U.S. stocks finish January on down note

10:05, January 30, 2010      

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The U.S. stocks fell on Friday, as concerns over technology sector offset a strong growth of U.S. gross domestic product (GDP) data, ending the first month of the year in the red.

All major averages closed out January on down note. The Dow Jones Industrial Average dropped 53.13, or 0.52 percent, to 10,067. 33. The Standard & Poor's 500 index fell 10.66, or 0.98 percent, to 1,073.87 and the Nasdaq tumbled 31.65, or 1.45 percent, to 2, 147.35.

For the whole month, the Dow Jones was down 3.5 percent, which was its first monthly decline since October and the biggest since it plunged 11 percent last February. The S&P dropped 3.7 percent and the tech-heavy Nasdaq gave up 5.4 percent.

Friday's decline came after a government report showed U.S. economy expanded at the fastest pace in over six years. According to the Commerce Department, U.S. GDP jumped at a seasonally adjusted 5.7-percent annual rate in the fourth quarter of 2009, the biggest since the third quarter of 2003. The growth was over one percentage point higher than expected, pushing major averages up over 1 percent in the earlier session.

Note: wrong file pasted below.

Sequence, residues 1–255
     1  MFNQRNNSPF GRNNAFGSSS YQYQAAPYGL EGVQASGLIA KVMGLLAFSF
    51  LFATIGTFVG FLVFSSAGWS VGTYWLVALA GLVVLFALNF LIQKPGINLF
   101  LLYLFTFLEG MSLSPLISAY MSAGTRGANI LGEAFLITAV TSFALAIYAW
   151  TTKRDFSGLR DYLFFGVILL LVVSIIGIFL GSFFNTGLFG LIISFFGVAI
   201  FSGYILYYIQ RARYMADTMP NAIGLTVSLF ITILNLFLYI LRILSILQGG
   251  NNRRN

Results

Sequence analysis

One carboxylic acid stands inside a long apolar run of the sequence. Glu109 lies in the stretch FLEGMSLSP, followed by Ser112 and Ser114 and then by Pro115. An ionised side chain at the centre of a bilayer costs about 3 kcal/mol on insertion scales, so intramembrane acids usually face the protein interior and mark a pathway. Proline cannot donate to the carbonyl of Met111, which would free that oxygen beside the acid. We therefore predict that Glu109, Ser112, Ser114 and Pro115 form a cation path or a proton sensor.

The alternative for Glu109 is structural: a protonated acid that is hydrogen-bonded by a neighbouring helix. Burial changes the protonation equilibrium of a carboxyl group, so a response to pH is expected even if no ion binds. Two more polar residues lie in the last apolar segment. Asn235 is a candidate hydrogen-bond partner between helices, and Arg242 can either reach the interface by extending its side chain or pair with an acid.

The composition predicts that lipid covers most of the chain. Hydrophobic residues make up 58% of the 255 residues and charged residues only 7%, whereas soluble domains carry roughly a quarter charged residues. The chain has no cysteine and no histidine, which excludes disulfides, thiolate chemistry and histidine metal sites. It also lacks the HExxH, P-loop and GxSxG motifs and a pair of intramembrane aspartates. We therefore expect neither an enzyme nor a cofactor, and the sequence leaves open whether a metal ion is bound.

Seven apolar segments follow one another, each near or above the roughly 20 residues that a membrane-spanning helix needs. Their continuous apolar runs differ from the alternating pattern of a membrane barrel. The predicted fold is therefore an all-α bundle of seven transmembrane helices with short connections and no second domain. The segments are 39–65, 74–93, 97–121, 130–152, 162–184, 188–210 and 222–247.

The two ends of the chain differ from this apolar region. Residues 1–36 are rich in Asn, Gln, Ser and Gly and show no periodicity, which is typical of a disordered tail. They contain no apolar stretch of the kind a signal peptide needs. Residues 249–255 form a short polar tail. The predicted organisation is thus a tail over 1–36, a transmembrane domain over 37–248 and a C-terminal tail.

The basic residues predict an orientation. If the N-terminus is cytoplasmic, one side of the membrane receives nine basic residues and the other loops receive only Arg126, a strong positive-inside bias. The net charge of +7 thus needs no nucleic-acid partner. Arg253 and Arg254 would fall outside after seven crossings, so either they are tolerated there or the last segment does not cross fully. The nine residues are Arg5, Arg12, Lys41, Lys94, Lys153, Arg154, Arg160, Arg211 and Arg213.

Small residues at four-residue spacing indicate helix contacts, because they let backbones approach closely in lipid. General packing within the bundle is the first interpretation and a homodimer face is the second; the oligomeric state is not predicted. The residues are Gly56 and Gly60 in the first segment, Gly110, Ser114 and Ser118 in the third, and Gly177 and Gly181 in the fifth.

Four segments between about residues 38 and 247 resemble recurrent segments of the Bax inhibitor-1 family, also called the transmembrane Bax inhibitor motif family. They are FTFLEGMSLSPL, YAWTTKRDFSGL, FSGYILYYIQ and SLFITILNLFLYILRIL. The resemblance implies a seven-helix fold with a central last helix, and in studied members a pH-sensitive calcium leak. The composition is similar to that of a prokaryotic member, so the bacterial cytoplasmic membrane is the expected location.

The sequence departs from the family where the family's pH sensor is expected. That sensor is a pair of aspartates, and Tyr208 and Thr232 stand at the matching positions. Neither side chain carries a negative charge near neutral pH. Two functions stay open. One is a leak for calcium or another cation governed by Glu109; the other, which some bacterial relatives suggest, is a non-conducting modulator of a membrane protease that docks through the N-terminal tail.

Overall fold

Technology sector helped erase all the gains afterwards even after major companies posted better-than-expected earnings, as investors took the good news as a good opportunity for locking in profits.

Microsoft fell 3.36 percent to finish the session at 28.18 dollars per share, although the software giant posted a 60-percent rise in fiscal second-quarter profit and easily topped estimates, benefiting from improving personal computer sales and the recent release of its flagship Windows 7 operating system.

Amazon.com dipped 0.49 percent to end at 125.41 dollars per share after it reported a 71-percent profit surge and forecast strong 2010 revenue.

For those companies who did miss the market expectation, their stocks saw a ruthless sell-off during the day.

Sandisk, the biggest maker of flash-memory cards for digital cameras and mobile phones, fell 12 percent to 25.42 dollars per share in its biggest decline in almost a year, because the company anticipated sales of 875 million dollars to 950 million dollars in the first quarter, lower than the average estimates among analysts.

Avery Dennison Corp. slumped 15 percent to 32.51 dollars per share, marking the biggest drop in the S&P 500. The world's largest label maker reported fourth-quarter earnings excluding some items of 44 cents a share, missing the average analyst estimate.

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